This descriptive study investigates the bases used to support judgments of artworks by preservice art teachers at two large universities. Bases art teachers might use to judge artwork range from personal preferences, to cultural expectations, to criteria drawn from values of various artworlds. The 26 preservice teachers in this study used a narrower range of bases than we expected. Most participants based their judgments on ideas associated with beauty, realism, and skill or ideas associated with the expression of feelings and ideas. Few participants used modernist ideas to support their judgments. Only one participant in the study used postmodern ideas. The authors discuss the possible explanations for participants' reliance on a narrow range of ideas, raise questions, and draw implications for art teacher education.
Elementary and secondary art teachers make judgments about artworks in a variety of ways throughout their professional practice. Paramount among their judgments are those they make about their students' artworks as well as those they make as they select artworks to introduce in their classrooms. Teachers' judgments of student art often constitute the dominant evidence of student learning. Teachers plan studio lessons to help students achieve particular standards in artmaking and, presumably, draw these standards, at least in part, from their own notions of quality in art. Similarly, art teachers make judgments as they select artworks and other visual objects to present for their students' critical analysis, which, in turn, draw to some extent upon the teachers' own casual or carefully considered ideas about quality in art. Art teachers can support their judgments of art on a variety of bases, for example, personal preferences, criteria passed on within their culture, or criteria informed by the concerns of one or more artworlds. In a study supported by a National Art Education Foundation research grant, we asked preservice art education students to select works of art they thought were good and indicate why. Our analysis of the bases they used to support their judgments reveals their range of responses. It also suggests assumptions they may rely upon for future art education curriculum decisions.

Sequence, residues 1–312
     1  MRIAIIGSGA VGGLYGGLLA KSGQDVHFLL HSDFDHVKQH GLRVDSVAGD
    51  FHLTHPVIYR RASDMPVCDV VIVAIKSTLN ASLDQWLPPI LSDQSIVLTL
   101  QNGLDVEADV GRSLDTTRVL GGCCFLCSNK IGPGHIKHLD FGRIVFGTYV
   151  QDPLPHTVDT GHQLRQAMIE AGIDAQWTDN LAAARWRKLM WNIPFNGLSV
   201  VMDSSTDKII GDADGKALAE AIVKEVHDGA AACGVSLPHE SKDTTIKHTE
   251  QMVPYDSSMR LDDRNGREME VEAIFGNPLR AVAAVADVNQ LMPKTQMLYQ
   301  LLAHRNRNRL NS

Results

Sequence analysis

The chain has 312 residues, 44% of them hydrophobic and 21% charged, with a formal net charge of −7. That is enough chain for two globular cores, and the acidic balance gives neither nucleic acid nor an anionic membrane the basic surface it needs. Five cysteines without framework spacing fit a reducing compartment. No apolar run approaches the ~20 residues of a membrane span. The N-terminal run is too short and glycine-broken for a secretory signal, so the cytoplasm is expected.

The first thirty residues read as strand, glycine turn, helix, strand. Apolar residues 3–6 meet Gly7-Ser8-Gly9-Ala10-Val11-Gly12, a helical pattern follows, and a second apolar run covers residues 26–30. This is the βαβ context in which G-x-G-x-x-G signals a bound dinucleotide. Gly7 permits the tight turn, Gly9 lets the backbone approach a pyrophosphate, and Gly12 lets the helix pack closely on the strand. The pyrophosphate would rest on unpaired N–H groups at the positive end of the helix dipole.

Roland (1995) studied assumptions of preservice art teachers and concluded that, "What is taught in art is determined by the art teachers preferences rather than by consideration for the field of study, the particular needs and interests of children, or the sequential development of art knowledge and skills" (p. 129). Unrath and Norlund (2006) concluded their review of research on teaching art as a reflective practice by asserting that, "Reflective educators who are mindful of their inbuilt beliefs, [and] personal biases... will not remain unchanged and ensnared by their shortcomings" (n.p.). Preservice art teachers' judgments of artworks reveal their inbuilt beliefs and personal biases about art. It follows, then, that teachers who are reflective about the bases they use to judge art and who can use a variety of criteria are better prepared to make professional and teaching decisions than teachers who can draw upon only a narrow range of bases for those judgments.
We advocate that preservice art teachers need to be able to distinguish their personal preferences from their professional judgments in order to make reasoned and effective teaching decisions. Their need to make reflective art judgments is compounded by the wide array of choices they will face as they select visual objects to present to their students. In recent decades, art education theorists have called for the inclusion of multicultural and global arts (Chalmers, 1996; McFee, 1998; Sabol, 2000), objects from the designed environment (Guilford & Sandler, 1999; Hicks & King, 2007), and objects and events of visual culture (Duncum, 2002; Freedman, 2003, Garoian & Gaudelius, 2004). Preservice art education programs face the challenge of providing their students with diverse content and the experiences necessary to develop a repertoire of ideas for making reflective judgments of art that tJhey can use in their teaching. …